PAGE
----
Newly planted daffodils usually grow and flower well initially, but subsequent flowering may be reduced or fail despite healthy, numerous leaves. Daffodils’ with foliage but no flowers are therefore known as ‘blind’.
Causes and Avoiding Blindness for Daffodils
- Dry situations: Water bulbs thoroughly after flowering until the foliage begins to turn pale. Apply a mulch of well-rotted organic matter in early spring.
- Defoliation and Knotting: Do not remove any foliage until six weeks after flowering. Also, it is a bad idea to knot together the leaves of plants for tidiness as this dramatically reduces photosynthesis in the leaves.
- Seedheads: Forming seeds takes nutrients away from the following year’s leaves, so it’s advisable that bulbs are deadheaded.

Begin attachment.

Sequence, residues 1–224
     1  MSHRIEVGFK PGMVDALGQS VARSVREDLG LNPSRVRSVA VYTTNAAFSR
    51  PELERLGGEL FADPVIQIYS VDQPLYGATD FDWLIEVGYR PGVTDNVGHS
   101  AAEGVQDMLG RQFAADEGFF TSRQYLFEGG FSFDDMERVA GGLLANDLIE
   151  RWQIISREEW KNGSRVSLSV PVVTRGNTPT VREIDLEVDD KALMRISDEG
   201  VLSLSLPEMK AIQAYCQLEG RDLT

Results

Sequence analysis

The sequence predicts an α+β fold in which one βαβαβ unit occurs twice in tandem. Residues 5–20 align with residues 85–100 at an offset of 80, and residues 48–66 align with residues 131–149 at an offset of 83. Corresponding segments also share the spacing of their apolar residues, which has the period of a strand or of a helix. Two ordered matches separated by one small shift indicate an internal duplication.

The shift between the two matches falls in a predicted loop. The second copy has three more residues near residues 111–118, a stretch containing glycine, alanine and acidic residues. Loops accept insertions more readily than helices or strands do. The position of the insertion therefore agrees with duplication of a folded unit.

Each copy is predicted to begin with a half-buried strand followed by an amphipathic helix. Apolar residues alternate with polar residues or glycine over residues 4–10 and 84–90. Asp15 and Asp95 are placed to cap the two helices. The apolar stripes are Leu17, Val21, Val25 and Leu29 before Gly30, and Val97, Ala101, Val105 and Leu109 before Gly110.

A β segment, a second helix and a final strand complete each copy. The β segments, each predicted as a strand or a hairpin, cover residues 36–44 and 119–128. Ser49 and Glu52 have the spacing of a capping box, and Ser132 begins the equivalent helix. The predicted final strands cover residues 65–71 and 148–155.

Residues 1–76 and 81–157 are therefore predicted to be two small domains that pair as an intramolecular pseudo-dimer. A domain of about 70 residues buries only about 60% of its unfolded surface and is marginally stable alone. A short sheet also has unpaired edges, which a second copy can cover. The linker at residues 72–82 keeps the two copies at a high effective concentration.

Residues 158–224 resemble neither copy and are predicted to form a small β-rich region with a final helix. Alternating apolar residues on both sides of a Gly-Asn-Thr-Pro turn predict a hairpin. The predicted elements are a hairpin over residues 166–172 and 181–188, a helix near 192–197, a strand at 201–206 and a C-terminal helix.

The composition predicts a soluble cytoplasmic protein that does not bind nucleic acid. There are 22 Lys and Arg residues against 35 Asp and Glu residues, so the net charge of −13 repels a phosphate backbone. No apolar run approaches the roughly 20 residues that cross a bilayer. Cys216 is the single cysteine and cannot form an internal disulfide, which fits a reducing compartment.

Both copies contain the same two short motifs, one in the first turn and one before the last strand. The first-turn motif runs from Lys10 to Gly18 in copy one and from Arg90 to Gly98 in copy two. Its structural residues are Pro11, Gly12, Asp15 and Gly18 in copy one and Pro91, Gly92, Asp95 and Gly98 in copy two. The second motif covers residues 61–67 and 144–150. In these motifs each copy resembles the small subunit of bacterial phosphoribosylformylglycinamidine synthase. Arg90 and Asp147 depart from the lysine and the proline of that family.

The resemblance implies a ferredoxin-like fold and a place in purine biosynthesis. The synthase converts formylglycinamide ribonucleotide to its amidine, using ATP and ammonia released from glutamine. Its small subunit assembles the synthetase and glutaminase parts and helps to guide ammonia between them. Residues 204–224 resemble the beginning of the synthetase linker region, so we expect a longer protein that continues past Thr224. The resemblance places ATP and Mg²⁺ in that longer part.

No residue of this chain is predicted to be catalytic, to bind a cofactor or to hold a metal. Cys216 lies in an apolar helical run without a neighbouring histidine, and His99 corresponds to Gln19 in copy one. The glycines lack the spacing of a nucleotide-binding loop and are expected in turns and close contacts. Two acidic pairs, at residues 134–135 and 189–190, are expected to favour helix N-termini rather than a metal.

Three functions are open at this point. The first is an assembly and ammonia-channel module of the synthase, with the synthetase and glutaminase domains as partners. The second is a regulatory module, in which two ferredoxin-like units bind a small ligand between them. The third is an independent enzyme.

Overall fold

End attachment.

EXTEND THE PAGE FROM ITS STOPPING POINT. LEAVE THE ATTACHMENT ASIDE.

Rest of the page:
- Nutrition: Feed container grown plants with a high potassium liquid fertilizer every two weeks from when the blooms have faded until the foliage starts to yellow.
- Shallow Planting: Plant bulbs twice their size in depth and three times in dry soil.
- Late Planting: Plant new bulbs by September for good flowering.
- Overcrowding: Split crowded clumps of daffodils and replant as the foliage dies down in summer.
- Pests: Cover plantings with insect-proof mesh after flowering to avoid narcissus bulb fly larvae.
When we see the daffodils we know for definite that spring is on its way, even though it may still feel cold. So helping your daffodils not to become blind daffodils is important. However, if you would like more information on how to deal with blind daffodils then please contact us.